It's also really complicated. Inspector Tyador Borlü of the Extreme Crime Squad is called to a case of a dead woman found in a waste ground on the outskirts of Besźel (oy! the diacriticals are killing me!). Borlü is your classic loner cop, experienced but a bit of a maverick. Besźel is on the eastern edge of Europe, a rundown and slightly backward place that has the feel of an old Soviet city. Besźel also shares its space -- literally -- with the more sophisticated and vibrant Ul Qoma. The cities exist utterly separately except in areas known as crosshatched. There, they overlap, but if a citizen of Besźel happens to glance and see something going on in Ul Qoma (or vice versa), they must quickly "unsee" it. Unseeing is a skill taught early and practiced without thinking. If they don't unsee, they have "breached" and officers of a deeply feared and shadowy institution, Breach, swoop in and take them away ... forever. No one knows what happens to someone who has been swept up by Breach.
It doesn't take Borlü long to figure out that the murdered woman is somehow involved with an archeological dig in Ul Qoma -- a dig that might provide the existence of a third city, Orciny -- but he is not allowed to make inquiries about anything that happened there. Evidence appears proving that her body was moved from Ul Qoma to Besźel (through a legitimate border crossing), and Borlü applies for permission to continue his investigations in Ul Qoma. There, in classic crime fiction format, he meets his Ul Qoman counterpart (and complete opposite) Qassim Dhatt. They've got to set aside their differences in order to solve the crime.
And that's enough synopsis.
I think what I enjoyed most about this novel, aside from the plunking of a conventional detective story into the off-kilter-making co-existing cities -- was Miéville's complete respect for us as readers. He doesn't waste time elaborately building his worlds -- he spins out the details that we need to know naturally as the plot progresses. He has created a truly frightening entity, Breach, that we know almost as little about at the end of the novel as we do at the beginning. He's also making a sophisticated statement about how 21st century city dwellers live: We "unsee" all the time, ignoring the panhandler as well as a couple having an angry argument in public. We teach our kids to unsee. Yet, I never felt that his message was blatant or heavy-handed ... or even judgmental.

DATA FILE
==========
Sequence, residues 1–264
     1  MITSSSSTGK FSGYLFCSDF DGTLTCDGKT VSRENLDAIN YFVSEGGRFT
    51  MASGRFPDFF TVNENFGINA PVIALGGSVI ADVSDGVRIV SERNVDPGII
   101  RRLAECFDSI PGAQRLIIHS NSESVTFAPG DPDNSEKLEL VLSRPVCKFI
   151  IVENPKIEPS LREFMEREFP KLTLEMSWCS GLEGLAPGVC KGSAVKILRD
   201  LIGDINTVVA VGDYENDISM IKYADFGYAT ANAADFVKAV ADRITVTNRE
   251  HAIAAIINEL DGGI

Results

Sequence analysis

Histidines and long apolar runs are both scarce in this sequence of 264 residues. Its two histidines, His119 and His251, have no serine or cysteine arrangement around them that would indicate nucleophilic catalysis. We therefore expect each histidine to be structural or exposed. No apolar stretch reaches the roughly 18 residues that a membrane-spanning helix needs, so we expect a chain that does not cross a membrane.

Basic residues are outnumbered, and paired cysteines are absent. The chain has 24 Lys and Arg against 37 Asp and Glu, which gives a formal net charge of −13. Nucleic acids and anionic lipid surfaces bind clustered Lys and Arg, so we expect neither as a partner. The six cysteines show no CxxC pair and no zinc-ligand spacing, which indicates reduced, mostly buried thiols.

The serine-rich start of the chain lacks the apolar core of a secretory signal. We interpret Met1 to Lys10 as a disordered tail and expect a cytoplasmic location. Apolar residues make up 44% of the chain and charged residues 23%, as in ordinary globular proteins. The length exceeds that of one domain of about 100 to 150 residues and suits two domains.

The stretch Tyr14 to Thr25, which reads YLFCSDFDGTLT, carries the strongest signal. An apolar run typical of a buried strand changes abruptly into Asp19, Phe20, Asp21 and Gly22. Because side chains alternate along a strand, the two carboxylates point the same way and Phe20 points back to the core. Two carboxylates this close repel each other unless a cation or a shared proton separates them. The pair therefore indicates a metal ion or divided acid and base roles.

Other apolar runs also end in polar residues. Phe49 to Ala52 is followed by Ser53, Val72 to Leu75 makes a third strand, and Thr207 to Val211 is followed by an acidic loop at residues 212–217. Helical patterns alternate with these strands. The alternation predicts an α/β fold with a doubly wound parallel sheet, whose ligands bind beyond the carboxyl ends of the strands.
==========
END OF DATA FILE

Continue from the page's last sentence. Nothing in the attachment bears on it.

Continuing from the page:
All of my posts lately seem to have ended with variations on "I'll read another" by this author, and this one is no exception. Un Lun Dun (which I think also explores the idea of intimately connected cities?) here I come.
John Lee reads this audiobook. Even though he's quite prolific (105 entries in my library's catalog!), it turns out I've only heard him read once (back in the earliest days of my blog ... forgive me its sloppiness). His experience and talent show in his masterful reading of this very complicated book. He retains a calm control over the novel's bizarre setting, knowing when to step up the pace of the narrative and when to let the emotional parts linger. (Without spoiling [I hope], I was actively disturbed when Borlü finds himself in a place where he doesn't know the rules.)
He gives most of the characters variations on an English accent, but contrasts Borlü's slightly formal manner of speaking with the more relaxed street stylings of Dhatt. When called for, Lee produces authentic American and Canadian inflections. He also sounds natural when voicing women. And, as always with a novel like this -- with its unusual place and character names -- he selects a way to say them and sticks with his pronunciation consistently.
- Al KOh-ma
- And last but not least, China (like the country) Mee-A-ville
[A Wikimedia Commons search of "breach" resulted in an image of this sculpture by the Suriname artist Oscar Adogo, Der Doorbraak, or The Breach. The photographer is Clock.]
The City and The City by China Miéville
Narrated by John Lee
Books on Tape, 2009. 10:16